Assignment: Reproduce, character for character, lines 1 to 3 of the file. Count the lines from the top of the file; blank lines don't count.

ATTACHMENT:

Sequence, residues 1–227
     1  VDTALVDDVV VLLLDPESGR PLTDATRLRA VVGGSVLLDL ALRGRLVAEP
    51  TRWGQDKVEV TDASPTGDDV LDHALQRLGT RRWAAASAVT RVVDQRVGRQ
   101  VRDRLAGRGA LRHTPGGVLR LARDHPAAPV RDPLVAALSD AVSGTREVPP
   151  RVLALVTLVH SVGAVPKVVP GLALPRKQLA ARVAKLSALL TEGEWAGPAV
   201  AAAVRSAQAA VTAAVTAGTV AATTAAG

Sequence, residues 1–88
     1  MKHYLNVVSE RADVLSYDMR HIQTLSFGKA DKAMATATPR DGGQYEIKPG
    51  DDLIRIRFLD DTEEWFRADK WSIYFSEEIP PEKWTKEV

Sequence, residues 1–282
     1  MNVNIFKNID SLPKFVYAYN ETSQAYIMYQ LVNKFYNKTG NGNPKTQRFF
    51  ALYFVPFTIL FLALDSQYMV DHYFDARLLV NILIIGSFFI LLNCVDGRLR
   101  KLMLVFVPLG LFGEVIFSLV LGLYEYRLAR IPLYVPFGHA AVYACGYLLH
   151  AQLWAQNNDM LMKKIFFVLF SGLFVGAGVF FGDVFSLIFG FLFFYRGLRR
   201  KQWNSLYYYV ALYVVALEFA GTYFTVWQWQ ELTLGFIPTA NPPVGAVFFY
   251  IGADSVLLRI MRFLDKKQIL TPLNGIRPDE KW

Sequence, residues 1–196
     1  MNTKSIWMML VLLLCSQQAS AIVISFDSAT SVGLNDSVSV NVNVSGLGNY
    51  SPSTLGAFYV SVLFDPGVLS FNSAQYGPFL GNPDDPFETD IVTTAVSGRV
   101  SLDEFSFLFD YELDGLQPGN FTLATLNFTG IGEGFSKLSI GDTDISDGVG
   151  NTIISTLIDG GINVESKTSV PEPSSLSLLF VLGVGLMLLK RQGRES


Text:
Sequence, residues 1–227
     1  VDTALVDDVV VLLLDPESGR PLTDATRLRA VVGGSVLLDL ALRGRLVAEP
    51  TRWGQDKVEV TDASPTGDDV LDHALQRLGT RRWAAASAVT RVVDQRVGRQ